As a website developer who specialises in CSS-based designs, I obviously hang around (i.e. read blogs of, participate in mailing lists with) other like developers. One of the legitimate concerns manyâ€”if not allâ€”of them have is the relatively less support Internet Explorer has for CSS 2.1. Part of the reason for this is the fact that the current version of IE is nearly three years old, while every other popular, standards-compliant browser has had a major release within the past year.
A common issue such designers have is users having the ability to resize webpage text to meet their level of reading comfort. All modern browsers have resizing capabilities; however, some have more powerful capabilities than others do. For example, IE can only size text to five sizes (smallest, smaller, medium, larger, and largest) while Opera can resize text and images from 20% to 1000% of the original size. As well, IE can only resize relatively sized text (i.e. em,
pt, cm, in, %), while other browsers can resize even absolutely sized text (i.e. px, pt, cm, in).
Given the common and predominant disapproval of IEâ€™s relatively low support for CSS 2.1, many people often attribute IEâ€™s inability to resize absolutely sized text as a bug. Some even go as far as saying IE is broken in this regard. I strongly disagree with this notion.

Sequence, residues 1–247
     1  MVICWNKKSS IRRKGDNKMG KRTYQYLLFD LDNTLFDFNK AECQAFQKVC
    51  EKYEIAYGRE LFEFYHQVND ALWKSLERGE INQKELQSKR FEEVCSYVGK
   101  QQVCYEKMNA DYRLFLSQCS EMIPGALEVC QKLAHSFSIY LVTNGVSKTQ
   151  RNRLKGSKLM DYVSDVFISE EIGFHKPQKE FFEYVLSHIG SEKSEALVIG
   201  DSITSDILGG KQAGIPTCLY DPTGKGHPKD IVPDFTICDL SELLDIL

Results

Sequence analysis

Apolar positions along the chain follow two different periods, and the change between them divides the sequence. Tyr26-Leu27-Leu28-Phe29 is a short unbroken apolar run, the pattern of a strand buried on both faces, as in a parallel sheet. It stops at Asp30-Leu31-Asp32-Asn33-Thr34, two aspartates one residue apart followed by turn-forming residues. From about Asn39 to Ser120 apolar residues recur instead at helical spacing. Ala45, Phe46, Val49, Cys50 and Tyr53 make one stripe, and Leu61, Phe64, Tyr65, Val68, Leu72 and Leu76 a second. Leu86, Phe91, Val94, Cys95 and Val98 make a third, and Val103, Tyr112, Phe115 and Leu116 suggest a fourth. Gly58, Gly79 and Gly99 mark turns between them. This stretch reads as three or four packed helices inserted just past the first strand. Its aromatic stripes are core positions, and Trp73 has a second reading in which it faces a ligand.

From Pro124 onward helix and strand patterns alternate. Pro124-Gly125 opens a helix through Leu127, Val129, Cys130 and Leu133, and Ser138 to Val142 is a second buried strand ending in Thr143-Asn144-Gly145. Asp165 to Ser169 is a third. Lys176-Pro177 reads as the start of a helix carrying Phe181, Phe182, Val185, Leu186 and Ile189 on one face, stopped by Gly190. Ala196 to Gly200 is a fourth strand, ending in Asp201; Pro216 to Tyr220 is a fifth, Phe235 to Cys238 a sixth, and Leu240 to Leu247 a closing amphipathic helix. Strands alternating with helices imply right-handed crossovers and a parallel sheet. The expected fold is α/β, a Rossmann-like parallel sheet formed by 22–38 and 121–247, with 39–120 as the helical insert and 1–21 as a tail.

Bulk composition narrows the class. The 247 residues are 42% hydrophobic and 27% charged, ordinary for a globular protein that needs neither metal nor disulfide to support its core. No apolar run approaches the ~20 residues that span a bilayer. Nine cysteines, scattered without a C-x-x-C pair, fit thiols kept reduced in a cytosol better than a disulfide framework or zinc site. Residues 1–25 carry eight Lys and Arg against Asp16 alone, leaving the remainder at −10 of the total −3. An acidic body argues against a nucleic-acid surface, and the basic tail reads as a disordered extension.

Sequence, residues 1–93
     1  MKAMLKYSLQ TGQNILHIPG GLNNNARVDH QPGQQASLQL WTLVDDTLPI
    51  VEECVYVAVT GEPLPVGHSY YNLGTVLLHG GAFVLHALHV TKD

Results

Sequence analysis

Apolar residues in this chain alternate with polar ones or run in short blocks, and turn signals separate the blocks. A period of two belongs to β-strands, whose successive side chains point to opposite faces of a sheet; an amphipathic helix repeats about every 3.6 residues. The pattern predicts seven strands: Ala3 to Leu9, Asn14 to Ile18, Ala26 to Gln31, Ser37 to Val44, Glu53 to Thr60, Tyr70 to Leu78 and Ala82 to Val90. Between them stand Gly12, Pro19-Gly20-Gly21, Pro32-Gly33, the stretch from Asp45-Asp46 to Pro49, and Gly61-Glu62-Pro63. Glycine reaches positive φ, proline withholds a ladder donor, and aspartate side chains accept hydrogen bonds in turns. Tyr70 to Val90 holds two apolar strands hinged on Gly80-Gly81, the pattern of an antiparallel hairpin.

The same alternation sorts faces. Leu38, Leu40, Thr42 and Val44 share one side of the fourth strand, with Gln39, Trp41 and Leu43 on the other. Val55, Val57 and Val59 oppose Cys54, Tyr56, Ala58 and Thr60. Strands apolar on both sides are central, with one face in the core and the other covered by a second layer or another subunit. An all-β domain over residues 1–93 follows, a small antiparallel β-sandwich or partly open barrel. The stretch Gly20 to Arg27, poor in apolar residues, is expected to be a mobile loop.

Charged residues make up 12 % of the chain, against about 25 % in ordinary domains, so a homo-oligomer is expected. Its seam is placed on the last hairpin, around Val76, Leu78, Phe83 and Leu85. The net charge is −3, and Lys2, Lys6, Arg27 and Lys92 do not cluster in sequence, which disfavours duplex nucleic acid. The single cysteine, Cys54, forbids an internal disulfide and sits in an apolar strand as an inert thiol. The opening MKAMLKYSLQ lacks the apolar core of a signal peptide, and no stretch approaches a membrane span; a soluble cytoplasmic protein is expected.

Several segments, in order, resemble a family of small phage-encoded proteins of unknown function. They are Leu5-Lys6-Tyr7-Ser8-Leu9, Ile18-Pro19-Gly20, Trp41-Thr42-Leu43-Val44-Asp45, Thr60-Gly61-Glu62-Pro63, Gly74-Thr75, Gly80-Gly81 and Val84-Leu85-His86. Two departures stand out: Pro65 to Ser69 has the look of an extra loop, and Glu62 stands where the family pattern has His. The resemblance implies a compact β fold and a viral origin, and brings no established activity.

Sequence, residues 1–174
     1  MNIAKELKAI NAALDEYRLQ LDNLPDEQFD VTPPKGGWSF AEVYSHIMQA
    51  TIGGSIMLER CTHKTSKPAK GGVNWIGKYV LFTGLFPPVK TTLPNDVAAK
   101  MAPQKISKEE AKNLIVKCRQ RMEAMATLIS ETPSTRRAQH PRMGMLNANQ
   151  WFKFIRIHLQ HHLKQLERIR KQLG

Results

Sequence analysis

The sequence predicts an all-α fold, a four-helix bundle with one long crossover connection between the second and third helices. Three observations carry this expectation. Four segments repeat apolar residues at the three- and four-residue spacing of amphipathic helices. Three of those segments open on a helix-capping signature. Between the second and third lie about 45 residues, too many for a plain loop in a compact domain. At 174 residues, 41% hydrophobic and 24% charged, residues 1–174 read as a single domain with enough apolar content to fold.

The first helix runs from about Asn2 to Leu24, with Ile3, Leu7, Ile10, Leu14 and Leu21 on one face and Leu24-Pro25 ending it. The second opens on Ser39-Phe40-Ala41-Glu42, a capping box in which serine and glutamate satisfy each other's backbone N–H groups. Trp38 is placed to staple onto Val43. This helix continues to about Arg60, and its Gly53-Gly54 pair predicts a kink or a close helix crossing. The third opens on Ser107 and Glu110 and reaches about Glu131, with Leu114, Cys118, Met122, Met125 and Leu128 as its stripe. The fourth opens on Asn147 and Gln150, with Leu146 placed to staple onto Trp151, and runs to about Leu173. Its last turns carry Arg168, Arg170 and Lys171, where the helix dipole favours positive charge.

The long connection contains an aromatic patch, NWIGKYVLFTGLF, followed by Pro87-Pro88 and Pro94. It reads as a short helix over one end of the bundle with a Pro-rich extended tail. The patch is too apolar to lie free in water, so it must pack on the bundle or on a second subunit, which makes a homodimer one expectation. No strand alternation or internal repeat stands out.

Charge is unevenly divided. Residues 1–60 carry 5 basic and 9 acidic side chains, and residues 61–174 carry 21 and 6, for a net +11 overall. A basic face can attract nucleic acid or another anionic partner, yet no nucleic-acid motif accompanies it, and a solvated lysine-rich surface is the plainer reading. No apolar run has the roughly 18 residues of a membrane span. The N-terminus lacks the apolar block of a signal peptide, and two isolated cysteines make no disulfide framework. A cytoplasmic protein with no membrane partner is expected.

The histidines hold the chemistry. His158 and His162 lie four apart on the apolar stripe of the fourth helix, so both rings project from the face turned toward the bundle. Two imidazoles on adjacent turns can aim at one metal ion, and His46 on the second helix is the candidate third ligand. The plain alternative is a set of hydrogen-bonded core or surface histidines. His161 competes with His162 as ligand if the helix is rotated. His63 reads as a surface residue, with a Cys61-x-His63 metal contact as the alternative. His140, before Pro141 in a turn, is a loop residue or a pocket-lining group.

IE is not broken. It does exactly what the designer tells it to do. If a designer specifies s/he wants a font sized based on 12 pixels then it renders the fonts based on 12 pixels. In actuality, it is the other browsers that are â€œbrokenâ€ since they incorrectly render the text in an effort to allow users to resize text.
I repeat, IE is not broken.
That being said, pixel-based text is a bad practise for copy. Any user coming to your website should be able to resize at least the copy text. This ability should not be hampered at all, and should be independent of what browser s/he uses. Ideally, all text should be resizable, and images should not be used to solely present text.
In conclusion, the inability to resize text in Internet Explorer is not the fault of Microsoft engineers; itâ€™s the fault of inconsiderate website developers.
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